The competition will also unveil international competitor Clayton Fredericks’ first tracks as the venue’s new course designer, working with veteran builder Bert Wood. Sections of newly laid grass bordering re-footed portions of the cross-country course are one of many upgrades that continue Galway Downs’ commitment to hosting top tier tournaments.

 The Championships and new divisions are icing on a cake of venue improvements that’s been baking for some time. Extensive show and warm-up arena footing upgrades, new stabling and countless big and small improvements throughout the 242-acre property have taken an already first-class venue to new levels.

“We are lucky as hell for this opportunity,” says Kellerhouse of adding the CCI3*-L National Championships and the Futures Team Challenge to the Galway Downs International. “We were asked to host the Future Team Challenge West early in the year and the more recent opportunity to host the 3*-L National Championships brings extra interest and the chance to show off what we’ve built up out here with the help of many supporters and stakeholders.”

The CCI3*-L Championships

The COVID cancellation of the Fair Hill International in Maryland opened the door for a new location for this prestigious event. Getting the USEF nod is a big vote of confidence in the Kellerhouse team and fits with the Federation’s efforts to embrace West Coast riders and competitions. “The USEF remains committed to building a bridge to the West Coast and continues to bolster the High Performance program on both sides of the country,” notes Jenni Autry, USEF’s Managing Director of Eventing.

The Futures Challenge

 The Futures Team Challenge is part of the USEF’s Eventing Pathway Program. It debuted last year on the East Coast, with the intent of preparing future senior team athletes by providing an opportunity to experience competing as part of a team and working with the U.S. team coaches. The Futures Team Challenge is open to competitors at the 3*-L and 4*-L levels.

Last year, the Futures Team Challenge was only held on the East Coast. When it came time to expand it with a West Coast edition, Galway Downs and Kellerhouse Presents were poised to make that happen.

Teams were selected earlier this month: U.S. Performance Director Erik Duvander coaches a squad comprised of Liz Halliday-Sharp, Emilee Libby and young rider Sophie Click. U.S. Developing Coach Leslie Law helms the team led by Tamie Smith, Rebecca Brown and Charlotte Babbitt. All prepped for the Challenge with a two-day training focused on dressage and show jumping.

The M-T, T-N & N-BN Challenges

Designed as a test of abilities at the higher end of each level, and as a celebratory showcase, the Challenge was introduced by Kellerhouse 11 years ago as the Preliminary Challenge, held every spring in Northern California’s Woodside. In 2019, a Modified-Training Challenge was added to rave reviews, with riders grateful for the chance to step up their skills and receive a showcase similar to that enjoyed at the higher levels.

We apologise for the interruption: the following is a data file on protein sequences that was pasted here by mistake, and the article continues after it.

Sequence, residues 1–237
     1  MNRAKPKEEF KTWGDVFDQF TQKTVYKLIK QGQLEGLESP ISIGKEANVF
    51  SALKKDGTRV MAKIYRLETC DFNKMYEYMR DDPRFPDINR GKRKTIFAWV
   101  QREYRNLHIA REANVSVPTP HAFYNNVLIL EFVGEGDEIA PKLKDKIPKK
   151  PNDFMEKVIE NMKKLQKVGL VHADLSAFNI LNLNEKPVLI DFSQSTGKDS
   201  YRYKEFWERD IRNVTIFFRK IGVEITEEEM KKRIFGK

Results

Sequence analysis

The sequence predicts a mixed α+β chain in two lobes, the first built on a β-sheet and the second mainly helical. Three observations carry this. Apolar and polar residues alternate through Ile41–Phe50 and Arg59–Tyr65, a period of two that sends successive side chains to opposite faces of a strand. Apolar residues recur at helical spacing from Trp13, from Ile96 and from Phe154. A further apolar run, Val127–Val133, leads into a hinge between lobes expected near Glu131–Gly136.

The three-day format begins with dressage in Galway Downs’ Grand Prix arena on Friday. On Halloween Saturday, it’s out on cross-country at max distance and effort for all levels and over all new routes. The winners are determined Sunday during stadium jumping, with riders going in reverse order their standings in the Grand Prix arena. The CCI-L competition concludes on Saturday, so Sunday is all about Challengers.

“These classes are all an evolution from where our sport has gone,” explains Kellerhouse. “While we are saddened to see the passing of our Training Three-day Classic format at Galway, we are thrilled to offer something for all the levels to shoot for in the modern test of eventing. For the past decade eventing went toward this format with a more technically challenging long court dressage test, cross country-only jumping with no A, B and C phases, and finishing with the show jumping at a larger height than the cross country test.”

New Courses

The FEI courses will reveal the vision of new Galway Downs course designer, Olympic silver medal winning Clayton Fredericks of Australia. He’s been working alongside veteran Bert Wood, an expert on the venue’s terrain and nuances, for several months.

 “The biggest change is that we’ve decided to stick to this track as the designated upper level track,” Clayton explains. “That will answer a few of the questions being raised in the past about the ground changing between grass and sand. The new track will only have a few of those changes, and with plenty of time for the horse to acclimatize to those changes.”

Clayton is based in Florida but has ample experience with Galway Downs as a competitor, coach and in other sport roles. Most recently, he brought clear-span FEI Stabling to the venue, another first for the West Coast, that has received positive reviews.

A newly-laid stretch of grass is part of the new course and it will all be maintained specifically for eventing purposes. “That allows us to water and manicure the grass exactly as we want to,” says Clayton.